Almost 60 years ago, Dorothy and Louis Druian opened their first supermarket in Bloomfield’s Brookdale section with the hope of building a business that not only served the community, but was also a trusted friend.
During the post-World War II era in the late 1940’s and early 1950’s, Brookdale Markets was able to establish itself not only as a vital community business that like the Druian family never turned its back and never left.
Today the family market is an independently owned state-of-the-art supermarket and even though the site and name has changed, its commitment to Bloomfield has not.
Neil Greenstein manages the day-to-day operations of the Brookdale ShopRite. A part of the Wakefern Corp. since 1952, the store is co-operatively run like many other ShopRite supermarkets, but for Greenstein little has changed.
The market he grew up with still includes oversight by Dorothy’s daughter Charlotte Greenstein and son-in-law Mark Greenstein.
“I went to college and went into accounting,” Neil Greenstein said. “Then about nine years ago I came back home and got into the family business. It’s in my blood and a part of my entire life.”
The store celebrated the 12 anniversary of its third incarnation from June 5 to June 11.
“A lot of people don’t realize that the Brookdale ShopRite is individually owned,” said Greenstein. “Our tagline is that we’re committed to the community. This is your neighborhood, this is your ShopRite.”
Store Manager Jerry Manley said the opening of the weeklong celebration was replete with a live band, colorful streamers, about 20 roaming food demonstrators and representatives from the Bloomfield police and fire departments. Shoppers received various giveaway’s and even a visit from the Bimbo Bread bear on that opening Sunday.
He said during the remainder of the week, store specials highlighted the celebration and 12 lucky customers won $100 gift certificates, provided through a random drawing.
“It was a carnival like atmosphere,” said Manley of the Sunday opening. “But during the rest of the week there were all kinds of reduced prices and in-store specials that were handed out by a greeter – it was great!”
Manley said all week he felt like he was celebrating a wedding anniversary, as shopper after shopper stopped by to personally wish him “happy anniversary.”
Although some may have considered the celebration to be over the top in nature, management of the longtime supermarket is modest when it comes to personal promotion. Manley, who has been the manager all 12 years, said there was no focus on promotion outside of the area; no photos, no elaborate videotapes of the fest.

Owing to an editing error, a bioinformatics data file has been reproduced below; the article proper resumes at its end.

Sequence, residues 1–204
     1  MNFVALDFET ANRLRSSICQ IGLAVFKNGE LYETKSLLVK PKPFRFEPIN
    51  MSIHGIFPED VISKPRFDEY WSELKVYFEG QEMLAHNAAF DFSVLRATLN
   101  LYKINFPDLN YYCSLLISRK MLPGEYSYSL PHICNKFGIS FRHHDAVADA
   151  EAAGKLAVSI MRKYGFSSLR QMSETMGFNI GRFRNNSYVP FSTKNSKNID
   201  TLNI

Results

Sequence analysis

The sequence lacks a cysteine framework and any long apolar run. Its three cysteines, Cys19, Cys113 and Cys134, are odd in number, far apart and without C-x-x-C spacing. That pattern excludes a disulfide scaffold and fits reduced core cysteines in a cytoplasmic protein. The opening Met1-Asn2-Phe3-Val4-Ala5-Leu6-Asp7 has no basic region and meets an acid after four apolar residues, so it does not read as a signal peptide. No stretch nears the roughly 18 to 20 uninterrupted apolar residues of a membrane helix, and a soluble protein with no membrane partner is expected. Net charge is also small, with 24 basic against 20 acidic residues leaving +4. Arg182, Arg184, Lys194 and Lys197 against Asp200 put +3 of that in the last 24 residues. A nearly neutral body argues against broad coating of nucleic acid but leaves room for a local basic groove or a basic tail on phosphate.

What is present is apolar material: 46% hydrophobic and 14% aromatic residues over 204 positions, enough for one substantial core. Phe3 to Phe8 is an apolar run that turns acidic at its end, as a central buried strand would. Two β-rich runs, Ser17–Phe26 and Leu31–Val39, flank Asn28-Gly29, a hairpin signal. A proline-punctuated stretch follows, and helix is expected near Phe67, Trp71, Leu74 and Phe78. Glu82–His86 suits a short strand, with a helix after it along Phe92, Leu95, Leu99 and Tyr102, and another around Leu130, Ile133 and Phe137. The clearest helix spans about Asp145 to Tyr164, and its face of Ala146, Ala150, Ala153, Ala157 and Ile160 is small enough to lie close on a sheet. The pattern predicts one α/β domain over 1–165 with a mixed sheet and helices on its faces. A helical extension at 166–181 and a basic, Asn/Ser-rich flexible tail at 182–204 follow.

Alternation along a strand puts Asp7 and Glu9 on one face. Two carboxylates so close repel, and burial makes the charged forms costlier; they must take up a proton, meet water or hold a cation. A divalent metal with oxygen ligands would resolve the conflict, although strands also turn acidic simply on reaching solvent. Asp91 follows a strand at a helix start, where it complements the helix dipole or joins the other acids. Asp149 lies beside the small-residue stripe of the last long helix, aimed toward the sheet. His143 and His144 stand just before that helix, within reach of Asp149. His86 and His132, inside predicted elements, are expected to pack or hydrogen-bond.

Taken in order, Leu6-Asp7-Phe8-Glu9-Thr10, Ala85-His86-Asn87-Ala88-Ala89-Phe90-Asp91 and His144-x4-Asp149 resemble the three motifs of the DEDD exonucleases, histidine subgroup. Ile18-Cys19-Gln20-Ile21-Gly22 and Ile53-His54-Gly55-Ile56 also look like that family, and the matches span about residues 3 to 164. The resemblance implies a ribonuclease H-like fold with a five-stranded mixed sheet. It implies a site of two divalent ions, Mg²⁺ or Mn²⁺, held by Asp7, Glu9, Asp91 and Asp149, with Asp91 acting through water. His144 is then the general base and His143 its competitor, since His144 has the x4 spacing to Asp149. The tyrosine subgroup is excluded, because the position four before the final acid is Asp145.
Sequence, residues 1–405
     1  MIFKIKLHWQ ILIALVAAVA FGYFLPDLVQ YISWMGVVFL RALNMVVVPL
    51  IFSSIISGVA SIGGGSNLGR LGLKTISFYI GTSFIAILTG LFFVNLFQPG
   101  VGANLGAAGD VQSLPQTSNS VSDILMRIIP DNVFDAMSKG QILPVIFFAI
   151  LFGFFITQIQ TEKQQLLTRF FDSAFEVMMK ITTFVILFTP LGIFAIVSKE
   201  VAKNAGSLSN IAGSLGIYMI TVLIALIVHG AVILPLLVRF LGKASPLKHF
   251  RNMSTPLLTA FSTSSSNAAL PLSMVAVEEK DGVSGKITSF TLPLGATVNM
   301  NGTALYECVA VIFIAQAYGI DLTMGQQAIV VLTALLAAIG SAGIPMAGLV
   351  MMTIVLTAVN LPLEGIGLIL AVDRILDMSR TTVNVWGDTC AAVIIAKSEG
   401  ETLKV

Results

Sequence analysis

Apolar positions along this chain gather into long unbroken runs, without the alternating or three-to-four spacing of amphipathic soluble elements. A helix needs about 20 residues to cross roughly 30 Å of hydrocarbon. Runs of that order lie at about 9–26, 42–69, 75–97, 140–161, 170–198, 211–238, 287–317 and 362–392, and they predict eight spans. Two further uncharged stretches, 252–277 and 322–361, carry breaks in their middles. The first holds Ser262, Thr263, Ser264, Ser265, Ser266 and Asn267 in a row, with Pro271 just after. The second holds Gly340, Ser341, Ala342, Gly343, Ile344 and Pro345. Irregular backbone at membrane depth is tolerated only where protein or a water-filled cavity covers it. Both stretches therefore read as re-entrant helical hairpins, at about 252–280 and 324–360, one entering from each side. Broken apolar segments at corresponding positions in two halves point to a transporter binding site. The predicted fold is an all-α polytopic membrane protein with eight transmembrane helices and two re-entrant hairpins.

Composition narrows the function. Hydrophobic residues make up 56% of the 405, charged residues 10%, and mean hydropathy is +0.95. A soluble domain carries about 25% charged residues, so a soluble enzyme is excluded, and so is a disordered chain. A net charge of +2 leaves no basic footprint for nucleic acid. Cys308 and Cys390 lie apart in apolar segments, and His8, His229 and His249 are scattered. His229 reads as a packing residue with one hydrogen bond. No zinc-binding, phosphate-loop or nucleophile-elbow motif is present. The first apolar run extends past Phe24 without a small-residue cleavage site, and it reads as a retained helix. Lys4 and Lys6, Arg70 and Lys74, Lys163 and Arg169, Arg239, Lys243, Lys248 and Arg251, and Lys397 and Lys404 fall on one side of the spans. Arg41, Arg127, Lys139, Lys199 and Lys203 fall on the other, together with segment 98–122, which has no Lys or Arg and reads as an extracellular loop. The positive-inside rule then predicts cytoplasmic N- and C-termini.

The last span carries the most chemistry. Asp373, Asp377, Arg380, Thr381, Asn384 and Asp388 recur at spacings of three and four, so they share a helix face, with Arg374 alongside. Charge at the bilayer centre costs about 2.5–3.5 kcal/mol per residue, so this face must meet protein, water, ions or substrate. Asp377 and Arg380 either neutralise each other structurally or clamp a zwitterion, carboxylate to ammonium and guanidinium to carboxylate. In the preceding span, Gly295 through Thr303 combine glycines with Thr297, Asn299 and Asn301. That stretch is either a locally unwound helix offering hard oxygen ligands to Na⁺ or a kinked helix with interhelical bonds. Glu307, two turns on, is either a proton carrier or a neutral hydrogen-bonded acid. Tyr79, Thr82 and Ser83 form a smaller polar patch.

“Pictures?” he exclaimed, “I wouldn’t even think of doing anything like that for something like this kind of event.
“No, this is about our community and celebrating them,” Manley said. “We would maybe do it differently if we were raising funds for the hungry of something.”
Manley said the supermarket has always been a hub of the Brookdale section of Bloomfield. He said the supermarket routinely sponsors local youth sports teams, scouting and schools. He said the store also is a big supporter of local police and fire departments in Bloomfield.
“We’re like your hometown store,” Manley said. “The customers are like part of our family.”
Thirteen years after the Druian’s joined with food giant Wakefern and ShopRite in 1952, they moved their location to what is now the south parking area of the current supermarket.
The 1962 ShopRite, which Manley said was much more confined, but state of the art for its time, stood until 1999, when the store was expanded and moved to it’s current location at 1409 Broad St.
“This current supermarket is a contemporary store with all of the bells and whistles,” he said.
Manley, who also managed the store at its previous location for a year, said the current manifestation of the store has moved into the 21st century, while embracing its roots as the neighborhood market. He said great service is complemented by fresh dairy products and seafood and a more wide-open space.
He said shoppers now can order groceries online over the internet, interact with a personal shopper and then have their items delivered to their door at the stroke of a keypad. Manley said the online service is very popular with children who want to shop for their parents, who do not get around as well as they used to in the past.
“If there is an item you want and we are out of it, the personal shopper can make the adjustment for you and find a similar item,” Manley said. “It’s a booming business.”
We’re a supermarket with a heart,” said Greenstein. “We’ve become bigger, but we haven’t forgotten where we came from.”